I was a little worried about having them do everything themselves without me being involved. This was a very critical thing and I did not want anything to go wrong. But I had no choice. I would not be allowed anyway where they would be processing the blood. So, I left.

I suddenly got a call around one in the afternoon. The doctor from the lab said they needed some kind of a tube urgently. They had only one and they needed five. He asked me to send someone over immediately. They would give him the one tube they had and we would need to procure five more. I had my father rush down to the lab and try and co-ordinate. There was little bit of a panic as they did not know where the tubes would be available. Eventually they called the vendor who supplied them the tubes and asked them to drop off the tubes to the lab.

I reached the lab around 3. The tubes had not yet arrived. After some waiting, the tubes finally arrived. The techs took the tubes and went to complete the processing. It was around 3:30. The courier guy came with the packing. We got everything ready. I handed over the check and the remaining documents. It was 4:30. We were running out of time. The techs returned with the samples.

"We'll have to cancel the shipment today", she said. My heart sank. "Why?" "We did not get enough buffy coat from the EDTA sample. There's no point sending an incomplete set."

The problem was these techs at the lab were doing this kind of a thing for the first time. They themselves were not sure about how to prepare these kinds of samples. So, this was not their fault at all.

All the effort, all the preparation came to naught. I will have to plan better and do the whole exercise again.


Sunday, February 21, 2010

Another water intake reduction tip

People on dialysis need to control the amount of water and other fluids they drink. Yes, yes, I know. Get on with the tip, will you?

Recently I tried the imli goli - a small concoction of tamarind pulp and sugar rolled into small round balls and packed. I found that this reduces my urge to drink water greatly. I like the taste too. It is a mix of sour and sweet in just the right proportion. I used Altoids at one point. But they are not natural and I was a little skeptical about using something like that to control fluid intake. The humble imli goli is a much better option. Totally natural. Totally safe. Very effective.

There are two things about the imli goli that make it so effective. One is its sour taste. I have seen that sour things generally make you drink less water. Altoids sour drops were very effective. Their Raspberry sours, Apple sours and Lemon sours were great. The problem was they are not natural and moreover not available in Hyderabad. So, I used to have my brother who travelled frequently to the US to bring them for me.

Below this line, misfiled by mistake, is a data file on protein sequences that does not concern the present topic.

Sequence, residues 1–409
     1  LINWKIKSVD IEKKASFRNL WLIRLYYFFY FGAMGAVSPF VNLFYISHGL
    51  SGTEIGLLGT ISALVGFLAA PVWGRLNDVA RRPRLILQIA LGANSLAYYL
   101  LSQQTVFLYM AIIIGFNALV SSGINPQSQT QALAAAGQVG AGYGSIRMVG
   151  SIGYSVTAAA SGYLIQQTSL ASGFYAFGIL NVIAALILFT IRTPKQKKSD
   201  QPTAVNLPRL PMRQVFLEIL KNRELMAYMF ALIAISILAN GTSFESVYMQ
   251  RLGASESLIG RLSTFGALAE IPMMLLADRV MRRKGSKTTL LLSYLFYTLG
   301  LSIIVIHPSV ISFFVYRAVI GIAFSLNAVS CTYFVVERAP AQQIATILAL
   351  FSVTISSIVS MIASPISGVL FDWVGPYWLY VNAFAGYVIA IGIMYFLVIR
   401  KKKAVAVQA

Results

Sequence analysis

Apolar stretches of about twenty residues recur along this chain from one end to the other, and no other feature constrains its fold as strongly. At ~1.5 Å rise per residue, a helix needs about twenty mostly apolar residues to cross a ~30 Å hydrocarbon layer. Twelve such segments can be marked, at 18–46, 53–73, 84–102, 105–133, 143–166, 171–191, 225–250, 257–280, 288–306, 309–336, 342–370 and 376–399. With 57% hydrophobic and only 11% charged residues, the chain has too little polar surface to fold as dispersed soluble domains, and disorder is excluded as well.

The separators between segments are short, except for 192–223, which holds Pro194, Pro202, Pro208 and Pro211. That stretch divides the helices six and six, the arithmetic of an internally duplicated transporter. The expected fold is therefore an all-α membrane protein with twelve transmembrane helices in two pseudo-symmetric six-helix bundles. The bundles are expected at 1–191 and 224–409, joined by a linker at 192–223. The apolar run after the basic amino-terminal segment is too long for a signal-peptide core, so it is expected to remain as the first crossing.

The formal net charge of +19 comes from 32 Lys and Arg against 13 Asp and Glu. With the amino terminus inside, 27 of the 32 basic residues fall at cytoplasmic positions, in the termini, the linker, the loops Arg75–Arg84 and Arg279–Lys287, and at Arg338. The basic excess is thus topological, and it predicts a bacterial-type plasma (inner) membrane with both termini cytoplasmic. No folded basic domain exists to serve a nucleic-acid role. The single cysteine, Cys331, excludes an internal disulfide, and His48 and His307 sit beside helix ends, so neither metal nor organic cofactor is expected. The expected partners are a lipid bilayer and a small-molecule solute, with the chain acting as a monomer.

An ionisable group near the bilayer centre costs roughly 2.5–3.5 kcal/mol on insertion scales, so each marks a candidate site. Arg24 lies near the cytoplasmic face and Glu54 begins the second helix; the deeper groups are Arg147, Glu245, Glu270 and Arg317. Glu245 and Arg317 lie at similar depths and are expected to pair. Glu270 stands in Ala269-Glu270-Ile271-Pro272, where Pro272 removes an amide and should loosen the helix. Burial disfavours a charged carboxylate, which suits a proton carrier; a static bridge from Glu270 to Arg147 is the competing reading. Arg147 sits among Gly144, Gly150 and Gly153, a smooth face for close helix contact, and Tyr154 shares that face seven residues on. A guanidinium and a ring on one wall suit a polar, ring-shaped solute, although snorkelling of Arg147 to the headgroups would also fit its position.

The other things is imli or tamarind has an astringent (causing a dry puckering mouthfeel) quality. This by itself causes you to feel less thirsty and reduces the urge to drink water. Tea and amla (gooseberry) are two other things with a similar quality. When I have a cup of tea, I can stay without water for hours. So, look for things that have this astringent quality.

The imli goli is my current favorite. I have about four small golis a day and this has reduced my water intake a lot.

You're on nocturnal. Why do you need to worry about your fluid intake?

Now, that's an entirely different matter!

Friday, February 19, 2010

Rumor mongering

"Kal assembly par attack hai na, saab", our Man Friday, Ram Murthy said this evening as he was leaving home after dropping some stuff we needed. "Tomorrow the assembly is going to be attacked, sir".

"Kya?", I asked shocked, wondering if Pakistan had decided to call off the dialogue scheduled to start soon and went into super-aggressive mode! It didn't make sense, however. They wouldn't have announced it, for sure! And that too, the AP state assembly? Nah.

I asked him however. "Pakistan attack karne wala hai?" "Is Pakistan going to attack the assembly?"

"Nahi saab, yeh Telangana wale".

"Ohhh", I was relieved! The Telangana agitators have planned to lay siege to the AP state assembly on Saturday. There is a difference between 'laying siege' and 'attacking', I wanted to explain to him. I let it be. I realized later that he was trying to get us to declare a holiday for our shop so that he could get a day off!

Ram Murthy is not alone in his quest. There are folks at my office who actually love to break news to the rest of us about the "city burning" or "tension (that) grips the city" hoping somehow that the management declares a holiday!

Wednesday, February 17, 2010

Junk comments

I have noticed a sharp rise in the number of spam comments on this blog. I thought that should be near impossible to do because you have a captcha (where you have to type out a word that is shown as an image) before being allowed to post a comment.

Despite this, almost everyday I have at least one junk comment waiting to be deleted. I have no idea how they manage to do this! How can you get a program to read a captcha?

They probably use a real human to log in to a Google account and then use the session id to go and spam hundreds of blogs! What purpose does that serve, really? Anyway the comments are easily distinguishable from the real ones.

Anyone has any clue?

Tuesday, February 16, 2010

Is it really that big a deal to send a blood sample out of the country?

I need to get my blood tested for some genetic mutations (defects in my genes) that will tell me first - whether it is worth the hassle of going in for a transplant and second - if I do go in for a transplant, what line of treatment should be followed. These tests are not done in India. They are done in Europe and the US (possibly other countries too but I am not sure).